Saturday, October 26, 2013
Idle Thoughts -- Dating: Friendship or Business Deal?
Discuss the issue of dating: Is it a favor-debt or a friendship situation? Is there a way of resolving the problem of different expectations for dating partners in the twenty-first century ?
Jane English states that friendships should not be a favor debt situation in which we expect to do a favor and thus create a debt which we eventually expect to be repaid. Instead, she says we should have a mutual relationship in which we simply care about each other enough to take care of each other's needs.
Intellectually this is a very satisfying explanation, but little more careful thought makes you wonder if it's too simplistic. After all, we have all known friendships in which there's no doubt that both partners were actually friends, but in which one is regarded as a "taker" and the other is regarded as a "giver". Simple friendship isn't enough to eliminate this problem. There needs to be some sense of balance in giving and taking.
I think it is reasonable to apply the same rules to dating and other romantic situations. While friendship and mutual respect are essential, it is important that no one allow their romantic inclinations to permit themselves to be used as a source of favors by a party with no intention of ever returning them. Perhaps this would never occur in an ideal relationship, whether romantic or friendship, but it does happen in the real world.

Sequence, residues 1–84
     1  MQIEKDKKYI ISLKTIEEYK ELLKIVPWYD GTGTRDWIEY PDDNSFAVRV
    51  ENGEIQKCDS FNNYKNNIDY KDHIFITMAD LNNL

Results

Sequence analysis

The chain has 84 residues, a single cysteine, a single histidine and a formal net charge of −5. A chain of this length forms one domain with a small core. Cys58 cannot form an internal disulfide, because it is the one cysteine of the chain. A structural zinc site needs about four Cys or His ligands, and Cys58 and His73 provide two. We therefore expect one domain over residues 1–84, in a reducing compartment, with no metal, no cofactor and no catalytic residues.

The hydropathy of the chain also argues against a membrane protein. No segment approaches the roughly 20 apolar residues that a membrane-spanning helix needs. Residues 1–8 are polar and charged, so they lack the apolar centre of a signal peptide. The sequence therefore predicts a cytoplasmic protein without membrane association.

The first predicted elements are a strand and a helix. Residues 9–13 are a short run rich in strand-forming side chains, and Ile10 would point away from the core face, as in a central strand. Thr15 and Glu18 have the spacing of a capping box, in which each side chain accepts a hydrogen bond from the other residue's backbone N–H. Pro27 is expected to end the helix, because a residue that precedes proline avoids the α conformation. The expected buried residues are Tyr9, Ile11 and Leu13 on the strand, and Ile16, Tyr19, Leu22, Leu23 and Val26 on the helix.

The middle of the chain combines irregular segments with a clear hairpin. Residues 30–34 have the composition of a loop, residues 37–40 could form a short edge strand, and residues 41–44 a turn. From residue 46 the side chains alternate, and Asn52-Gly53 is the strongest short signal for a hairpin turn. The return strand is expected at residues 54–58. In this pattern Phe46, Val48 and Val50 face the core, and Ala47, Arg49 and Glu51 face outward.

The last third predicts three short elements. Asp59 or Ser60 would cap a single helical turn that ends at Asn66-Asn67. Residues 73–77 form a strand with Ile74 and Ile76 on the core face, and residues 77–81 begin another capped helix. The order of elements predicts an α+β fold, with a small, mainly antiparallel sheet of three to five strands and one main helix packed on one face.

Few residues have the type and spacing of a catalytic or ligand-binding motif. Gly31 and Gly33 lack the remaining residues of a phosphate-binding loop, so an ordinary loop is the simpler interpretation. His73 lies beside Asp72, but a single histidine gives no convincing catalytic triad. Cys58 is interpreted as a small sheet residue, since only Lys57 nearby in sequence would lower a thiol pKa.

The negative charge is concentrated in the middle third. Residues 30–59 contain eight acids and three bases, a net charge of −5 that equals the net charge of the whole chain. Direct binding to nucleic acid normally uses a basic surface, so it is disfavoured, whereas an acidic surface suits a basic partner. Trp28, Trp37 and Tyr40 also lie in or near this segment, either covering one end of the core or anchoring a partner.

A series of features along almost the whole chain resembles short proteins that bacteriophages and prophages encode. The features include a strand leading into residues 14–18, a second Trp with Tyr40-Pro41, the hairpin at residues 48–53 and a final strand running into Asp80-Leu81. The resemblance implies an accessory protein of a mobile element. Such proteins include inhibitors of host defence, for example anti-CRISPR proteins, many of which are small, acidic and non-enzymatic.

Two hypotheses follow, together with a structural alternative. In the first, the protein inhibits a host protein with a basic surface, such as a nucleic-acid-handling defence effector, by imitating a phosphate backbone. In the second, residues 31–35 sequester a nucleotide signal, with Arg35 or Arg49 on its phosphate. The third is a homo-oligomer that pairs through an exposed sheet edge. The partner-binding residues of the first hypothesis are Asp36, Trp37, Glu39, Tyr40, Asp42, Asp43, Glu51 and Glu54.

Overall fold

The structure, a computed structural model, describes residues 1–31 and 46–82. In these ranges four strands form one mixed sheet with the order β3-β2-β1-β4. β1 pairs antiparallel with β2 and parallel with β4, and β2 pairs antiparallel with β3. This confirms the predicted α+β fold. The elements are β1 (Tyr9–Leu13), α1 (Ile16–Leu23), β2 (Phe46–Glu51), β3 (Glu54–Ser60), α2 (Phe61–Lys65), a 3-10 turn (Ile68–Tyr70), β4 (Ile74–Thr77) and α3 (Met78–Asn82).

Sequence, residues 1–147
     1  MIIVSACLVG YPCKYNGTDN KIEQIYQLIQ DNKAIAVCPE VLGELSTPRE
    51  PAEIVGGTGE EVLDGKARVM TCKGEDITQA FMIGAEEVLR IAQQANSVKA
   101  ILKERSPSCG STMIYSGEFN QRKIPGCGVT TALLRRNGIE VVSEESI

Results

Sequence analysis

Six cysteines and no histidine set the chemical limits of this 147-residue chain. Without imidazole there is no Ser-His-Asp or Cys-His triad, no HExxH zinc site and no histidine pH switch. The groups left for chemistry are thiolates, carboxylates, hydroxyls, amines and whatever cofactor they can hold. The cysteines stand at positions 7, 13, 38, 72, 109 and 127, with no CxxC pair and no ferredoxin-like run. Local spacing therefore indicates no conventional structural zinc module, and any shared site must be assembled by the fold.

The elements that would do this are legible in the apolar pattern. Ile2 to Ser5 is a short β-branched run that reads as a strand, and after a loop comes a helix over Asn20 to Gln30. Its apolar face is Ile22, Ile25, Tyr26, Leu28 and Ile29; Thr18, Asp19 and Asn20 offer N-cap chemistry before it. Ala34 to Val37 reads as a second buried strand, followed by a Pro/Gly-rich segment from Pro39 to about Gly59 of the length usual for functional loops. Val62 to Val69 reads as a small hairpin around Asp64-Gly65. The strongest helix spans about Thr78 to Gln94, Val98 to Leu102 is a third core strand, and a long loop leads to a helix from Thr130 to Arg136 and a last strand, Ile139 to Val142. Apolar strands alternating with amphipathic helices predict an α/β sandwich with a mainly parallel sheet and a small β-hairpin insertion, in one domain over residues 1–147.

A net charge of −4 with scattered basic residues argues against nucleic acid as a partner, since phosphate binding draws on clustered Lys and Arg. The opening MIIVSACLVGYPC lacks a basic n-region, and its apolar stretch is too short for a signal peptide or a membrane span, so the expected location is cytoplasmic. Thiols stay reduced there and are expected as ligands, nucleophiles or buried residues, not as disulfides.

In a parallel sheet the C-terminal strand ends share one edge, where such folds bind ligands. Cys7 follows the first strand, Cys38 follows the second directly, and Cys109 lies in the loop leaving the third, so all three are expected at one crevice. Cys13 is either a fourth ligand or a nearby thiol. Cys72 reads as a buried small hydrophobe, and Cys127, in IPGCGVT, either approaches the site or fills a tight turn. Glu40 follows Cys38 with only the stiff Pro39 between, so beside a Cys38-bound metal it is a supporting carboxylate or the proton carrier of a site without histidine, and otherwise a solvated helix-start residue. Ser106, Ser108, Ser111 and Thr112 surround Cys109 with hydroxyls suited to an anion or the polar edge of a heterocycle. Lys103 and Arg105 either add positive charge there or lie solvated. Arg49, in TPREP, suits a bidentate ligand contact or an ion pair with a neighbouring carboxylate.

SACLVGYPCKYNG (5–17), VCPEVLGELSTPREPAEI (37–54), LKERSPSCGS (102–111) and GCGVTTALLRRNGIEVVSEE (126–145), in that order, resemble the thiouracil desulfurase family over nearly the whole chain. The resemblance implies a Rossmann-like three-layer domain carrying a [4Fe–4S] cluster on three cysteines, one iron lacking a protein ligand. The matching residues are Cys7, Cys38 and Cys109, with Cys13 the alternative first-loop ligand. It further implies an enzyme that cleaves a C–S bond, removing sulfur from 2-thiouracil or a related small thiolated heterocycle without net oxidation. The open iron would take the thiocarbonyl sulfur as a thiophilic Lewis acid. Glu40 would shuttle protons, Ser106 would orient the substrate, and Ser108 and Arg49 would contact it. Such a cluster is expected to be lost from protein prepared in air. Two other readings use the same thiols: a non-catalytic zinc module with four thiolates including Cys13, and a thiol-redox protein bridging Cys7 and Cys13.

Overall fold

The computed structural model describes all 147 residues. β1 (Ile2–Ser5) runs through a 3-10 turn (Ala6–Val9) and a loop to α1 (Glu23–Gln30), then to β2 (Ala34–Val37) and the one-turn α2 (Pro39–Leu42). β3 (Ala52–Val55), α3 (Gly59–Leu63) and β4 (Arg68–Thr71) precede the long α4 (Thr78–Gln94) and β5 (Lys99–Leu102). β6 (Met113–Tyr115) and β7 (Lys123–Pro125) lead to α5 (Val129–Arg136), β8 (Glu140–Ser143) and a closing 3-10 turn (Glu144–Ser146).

Having said that, there also must not be a sense that I took you out to dinner tonight, so you owe me x amount of romantic physical responses. This would reduce every dating or romantic relationship to simple case of prostitution. That is clearly unacceptable.
Naturally each partner will have different ideas about what is a reasonable return for various flavors or benefits. It is an essential part of any relationship to work out these different understandings and reach one which is mutually agreed-upon. This is done consciously or simply through the daily act of living close to each other.
The issue of how to resolve differences may be a very different one in the future. Social media is giving us a whole new way of "checking out" an individual before we ever even meet them. The problem with this idea is that people often present a false image of themselves in order to impress others when posting on a social media site. However, if this could be overcome and a greater sense of honesty could permeate the system, it is possible that people could find ideal matches who share their sense of expectation in a relationship without the stress of having to actually take a risk by meeting the individual personally.
Considering the human desire to impress others, this may be an unrealistic hope. Still, it is an interesting topic for conversation.